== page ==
In addition, the study only looks at sounds on their own, combining the emotional values of sounds without considering interactions between adjacent sounds. For example, certain sounds, when next to each other, may be harder to pronounce, and such interactions across syllables are not considered by this study. This, however, may be a useful simplification as one can quickly get into thorny issues of currently underexplored research.
However, given the enormity of the field of linguistics, and the thousands of names that exist globally, it’s been really interesting to work with My 1st Years on this research which ranks which of the most popular baby names of the moment really are the most beautiful sounding.”
Gareth Chadwick, our Head of Marketing here at My 1st Years adds: “Naming our newborns can sometimes feel incredibly overwhelming, particularly if you haven’t already got a shortlist by the time they’re born! Whether it’s choosing the right spelling, imagining what nicknames they’ll end up with or considering how it’ll sound when they’re older – there’s a lot to think about before signing that birth certificate.
We’re passionate about names and personalisation and so we were really keen to find out if there’s any science behind which names truly are the most beautiful to the ear, and we were so grateful to work with Dr. Bodo Winter, in order to rank this year’s most popular baby names according to the hugely interesting linguistic theory of iconicity. Of course, it goes without saying that any of the names in our study can be applied to either gender, and all names are truly beautiful! So whichever you choose will end up suiting your bundle of joy, no matter what, but we do hope the results can help ease the anxiety of choosing one for any soon-to-be parents who might be struggling to narrow down their choices.”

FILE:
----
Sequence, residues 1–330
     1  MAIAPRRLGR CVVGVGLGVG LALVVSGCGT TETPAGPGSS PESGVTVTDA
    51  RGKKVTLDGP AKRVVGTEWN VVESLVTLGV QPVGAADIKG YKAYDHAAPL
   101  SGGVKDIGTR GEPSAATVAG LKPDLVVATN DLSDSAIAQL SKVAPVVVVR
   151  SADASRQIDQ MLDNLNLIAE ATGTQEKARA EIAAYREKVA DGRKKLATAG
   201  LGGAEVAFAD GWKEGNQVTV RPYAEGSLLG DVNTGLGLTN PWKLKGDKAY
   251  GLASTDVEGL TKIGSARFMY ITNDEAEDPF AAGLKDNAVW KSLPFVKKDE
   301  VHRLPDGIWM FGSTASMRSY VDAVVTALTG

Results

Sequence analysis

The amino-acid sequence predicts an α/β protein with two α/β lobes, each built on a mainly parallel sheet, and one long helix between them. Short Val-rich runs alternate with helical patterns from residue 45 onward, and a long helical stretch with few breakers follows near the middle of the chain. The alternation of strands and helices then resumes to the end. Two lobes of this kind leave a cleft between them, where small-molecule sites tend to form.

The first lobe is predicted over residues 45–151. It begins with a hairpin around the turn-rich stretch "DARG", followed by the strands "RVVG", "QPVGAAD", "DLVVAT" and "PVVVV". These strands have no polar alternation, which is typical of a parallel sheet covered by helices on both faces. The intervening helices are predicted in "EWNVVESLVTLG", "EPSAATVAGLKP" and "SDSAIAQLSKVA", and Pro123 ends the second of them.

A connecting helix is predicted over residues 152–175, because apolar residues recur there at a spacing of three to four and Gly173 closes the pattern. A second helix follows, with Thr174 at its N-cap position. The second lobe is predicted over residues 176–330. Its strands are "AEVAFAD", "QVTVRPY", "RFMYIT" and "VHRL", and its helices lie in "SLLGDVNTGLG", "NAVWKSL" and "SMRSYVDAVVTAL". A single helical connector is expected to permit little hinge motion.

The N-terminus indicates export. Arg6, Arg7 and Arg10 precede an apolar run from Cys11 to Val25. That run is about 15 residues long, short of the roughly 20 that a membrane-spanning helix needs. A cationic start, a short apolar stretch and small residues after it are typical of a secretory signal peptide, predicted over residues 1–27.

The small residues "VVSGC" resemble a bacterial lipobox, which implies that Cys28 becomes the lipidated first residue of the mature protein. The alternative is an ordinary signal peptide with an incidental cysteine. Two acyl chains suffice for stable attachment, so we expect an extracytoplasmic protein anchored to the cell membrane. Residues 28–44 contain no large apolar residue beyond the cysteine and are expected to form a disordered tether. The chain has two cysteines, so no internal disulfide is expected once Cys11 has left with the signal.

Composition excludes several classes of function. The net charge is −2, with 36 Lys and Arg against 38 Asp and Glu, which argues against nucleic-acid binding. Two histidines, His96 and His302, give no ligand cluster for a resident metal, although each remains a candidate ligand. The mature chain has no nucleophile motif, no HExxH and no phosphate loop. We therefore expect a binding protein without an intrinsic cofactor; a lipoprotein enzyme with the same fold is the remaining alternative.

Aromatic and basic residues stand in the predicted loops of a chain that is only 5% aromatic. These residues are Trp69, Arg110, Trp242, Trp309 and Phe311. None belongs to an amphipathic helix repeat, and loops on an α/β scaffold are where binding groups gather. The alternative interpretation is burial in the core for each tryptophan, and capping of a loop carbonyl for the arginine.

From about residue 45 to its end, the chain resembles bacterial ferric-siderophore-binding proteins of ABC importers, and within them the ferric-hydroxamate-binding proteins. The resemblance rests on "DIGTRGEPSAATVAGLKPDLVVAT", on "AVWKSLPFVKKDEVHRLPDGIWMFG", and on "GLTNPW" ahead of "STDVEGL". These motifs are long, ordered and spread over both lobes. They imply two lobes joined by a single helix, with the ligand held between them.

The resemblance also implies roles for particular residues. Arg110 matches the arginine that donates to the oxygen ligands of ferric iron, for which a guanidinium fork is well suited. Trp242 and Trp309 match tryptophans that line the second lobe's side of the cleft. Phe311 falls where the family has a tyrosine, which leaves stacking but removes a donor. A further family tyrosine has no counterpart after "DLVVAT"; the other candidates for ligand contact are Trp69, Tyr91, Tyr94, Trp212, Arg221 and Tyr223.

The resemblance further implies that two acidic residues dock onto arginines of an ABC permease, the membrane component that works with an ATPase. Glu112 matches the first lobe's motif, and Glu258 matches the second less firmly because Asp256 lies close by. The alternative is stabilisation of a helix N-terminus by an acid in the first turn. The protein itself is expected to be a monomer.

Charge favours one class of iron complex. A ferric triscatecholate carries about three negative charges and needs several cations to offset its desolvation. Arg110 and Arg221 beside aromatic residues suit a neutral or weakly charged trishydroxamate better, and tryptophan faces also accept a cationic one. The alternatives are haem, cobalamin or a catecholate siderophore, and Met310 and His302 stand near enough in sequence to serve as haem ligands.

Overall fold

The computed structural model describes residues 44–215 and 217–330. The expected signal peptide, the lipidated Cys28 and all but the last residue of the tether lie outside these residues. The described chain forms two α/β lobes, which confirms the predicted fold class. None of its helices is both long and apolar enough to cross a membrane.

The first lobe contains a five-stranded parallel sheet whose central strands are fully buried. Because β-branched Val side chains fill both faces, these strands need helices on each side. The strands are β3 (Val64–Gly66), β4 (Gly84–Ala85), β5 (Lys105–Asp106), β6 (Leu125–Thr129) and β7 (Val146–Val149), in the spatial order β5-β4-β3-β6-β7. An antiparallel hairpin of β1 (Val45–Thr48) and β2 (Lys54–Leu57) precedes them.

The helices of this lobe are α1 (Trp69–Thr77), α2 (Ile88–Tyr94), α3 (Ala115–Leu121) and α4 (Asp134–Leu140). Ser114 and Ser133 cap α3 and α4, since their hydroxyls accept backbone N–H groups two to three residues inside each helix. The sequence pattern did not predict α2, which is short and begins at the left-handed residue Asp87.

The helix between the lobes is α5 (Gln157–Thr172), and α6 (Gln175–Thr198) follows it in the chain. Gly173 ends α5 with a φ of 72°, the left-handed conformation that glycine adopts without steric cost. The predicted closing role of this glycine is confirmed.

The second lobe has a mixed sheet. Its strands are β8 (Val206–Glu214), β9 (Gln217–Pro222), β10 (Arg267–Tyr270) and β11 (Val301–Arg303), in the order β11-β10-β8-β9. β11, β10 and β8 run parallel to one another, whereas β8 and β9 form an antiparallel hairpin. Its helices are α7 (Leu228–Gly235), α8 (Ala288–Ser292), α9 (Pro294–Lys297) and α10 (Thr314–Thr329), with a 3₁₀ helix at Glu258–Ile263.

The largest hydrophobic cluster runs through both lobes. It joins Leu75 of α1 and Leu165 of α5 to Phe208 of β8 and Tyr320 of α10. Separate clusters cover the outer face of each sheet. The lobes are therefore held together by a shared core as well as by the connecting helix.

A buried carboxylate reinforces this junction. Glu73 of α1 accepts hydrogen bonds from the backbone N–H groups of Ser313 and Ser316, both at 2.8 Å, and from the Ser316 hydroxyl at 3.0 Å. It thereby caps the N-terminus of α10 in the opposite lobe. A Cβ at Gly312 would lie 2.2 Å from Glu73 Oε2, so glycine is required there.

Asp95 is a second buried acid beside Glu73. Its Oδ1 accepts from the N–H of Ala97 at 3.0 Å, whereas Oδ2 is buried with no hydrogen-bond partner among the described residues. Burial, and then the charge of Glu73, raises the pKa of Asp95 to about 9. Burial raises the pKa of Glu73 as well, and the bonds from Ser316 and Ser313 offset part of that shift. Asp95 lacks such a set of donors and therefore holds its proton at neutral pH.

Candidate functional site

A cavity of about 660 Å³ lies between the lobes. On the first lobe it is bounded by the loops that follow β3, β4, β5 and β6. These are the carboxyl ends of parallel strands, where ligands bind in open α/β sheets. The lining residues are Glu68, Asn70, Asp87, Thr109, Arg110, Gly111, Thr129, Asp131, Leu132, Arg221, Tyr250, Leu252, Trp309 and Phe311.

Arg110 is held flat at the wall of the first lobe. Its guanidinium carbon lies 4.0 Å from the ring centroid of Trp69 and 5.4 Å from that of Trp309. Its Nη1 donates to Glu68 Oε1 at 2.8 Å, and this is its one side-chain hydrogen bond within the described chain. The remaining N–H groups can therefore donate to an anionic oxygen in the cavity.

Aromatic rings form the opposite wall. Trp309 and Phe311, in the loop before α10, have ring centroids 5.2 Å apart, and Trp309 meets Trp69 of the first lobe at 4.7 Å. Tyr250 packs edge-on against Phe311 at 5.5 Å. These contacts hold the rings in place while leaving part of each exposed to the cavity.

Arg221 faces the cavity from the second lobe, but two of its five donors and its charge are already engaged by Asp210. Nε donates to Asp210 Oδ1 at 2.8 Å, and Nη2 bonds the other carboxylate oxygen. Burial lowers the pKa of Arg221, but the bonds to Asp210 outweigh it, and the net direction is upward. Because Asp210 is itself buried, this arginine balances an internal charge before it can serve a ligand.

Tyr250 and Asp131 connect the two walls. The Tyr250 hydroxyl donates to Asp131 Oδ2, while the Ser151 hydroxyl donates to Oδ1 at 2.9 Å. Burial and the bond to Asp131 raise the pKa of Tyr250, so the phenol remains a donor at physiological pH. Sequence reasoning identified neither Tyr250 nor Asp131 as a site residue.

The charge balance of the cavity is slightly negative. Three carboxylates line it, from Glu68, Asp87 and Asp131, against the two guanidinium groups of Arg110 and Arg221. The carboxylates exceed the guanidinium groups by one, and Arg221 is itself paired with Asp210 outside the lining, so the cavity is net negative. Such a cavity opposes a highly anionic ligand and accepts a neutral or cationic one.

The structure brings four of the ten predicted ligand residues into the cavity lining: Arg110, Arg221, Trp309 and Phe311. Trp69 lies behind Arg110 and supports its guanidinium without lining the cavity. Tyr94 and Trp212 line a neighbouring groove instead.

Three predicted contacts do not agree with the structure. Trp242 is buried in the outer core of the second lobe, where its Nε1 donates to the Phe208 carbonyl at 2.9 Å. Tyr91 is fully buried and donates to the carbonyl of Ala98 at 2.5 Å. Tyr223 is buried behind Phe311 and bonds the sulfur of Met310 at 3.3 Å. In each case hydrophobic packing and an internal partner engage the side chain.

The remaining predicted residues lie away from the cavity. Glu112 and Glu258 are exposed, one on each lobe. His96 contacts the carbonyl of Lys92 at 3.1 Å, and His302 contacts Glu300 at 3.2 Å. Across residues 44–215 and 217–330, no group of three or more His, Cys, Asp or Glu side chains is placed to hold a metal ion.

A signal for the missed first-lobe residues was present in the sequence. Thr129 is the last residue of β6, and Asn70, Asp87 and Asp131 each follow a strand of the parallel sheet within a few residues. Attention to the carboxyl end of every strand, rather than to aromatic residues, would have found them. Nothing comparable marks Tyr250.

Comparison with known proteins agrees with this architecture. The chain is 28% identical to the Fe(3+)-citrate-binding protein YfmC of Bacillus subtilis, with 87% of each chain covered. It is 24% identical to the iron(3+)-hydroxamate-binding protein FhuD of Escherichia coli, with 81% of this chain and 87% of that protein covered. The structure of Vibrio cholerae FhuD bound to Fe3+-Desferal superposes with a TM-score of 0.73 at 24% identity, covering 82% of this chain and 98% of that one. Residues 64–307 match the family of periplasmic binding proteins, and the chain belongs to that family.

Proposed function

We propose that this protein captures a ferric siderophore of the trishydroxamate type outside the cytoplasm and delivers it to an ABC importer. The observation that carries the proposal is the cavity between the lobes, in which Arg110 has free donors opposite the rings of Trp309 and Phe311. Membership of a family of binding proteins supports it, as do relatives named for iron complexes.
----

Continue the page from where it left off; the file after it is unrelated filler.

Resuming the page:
We hope this list has given you all the inspiration you need when naming your new addition to the family. Whatever you end up naming them, we have everything you need for your new bundle of joy, from clothing to personalised blankets.
Methodology: We partnered with Dr Bodo Winter, Associate Professor in Cognitive Linguistics at the University of Birmingham, who helped us conduct a study to reveal the most beautiful names according to theories of linguistics.
A list from BabyCentre of the 100 most popular baby names for boys and girls, both in the US and UK, was used as a starting point, providing us with 400 popular baby names. From this, we worked down each list, translating each of the names phonetically using the toPhonetics translator. Any names which we could not translate using the toPhonetics translator were excluded, for consistency purposes.
Once we had a list of the 50 most popular baby names for UK boys and girls, and US boys and girls, we then moved onto scoring each name, using the UK table in Adelman et al. (2018)’s paper to attribute a valence figure to each phoneme included in each name. Finally, we calculated the sum of each name’s score, using these final figures to rank each list of top 50 names.
All data correct as of October 2022.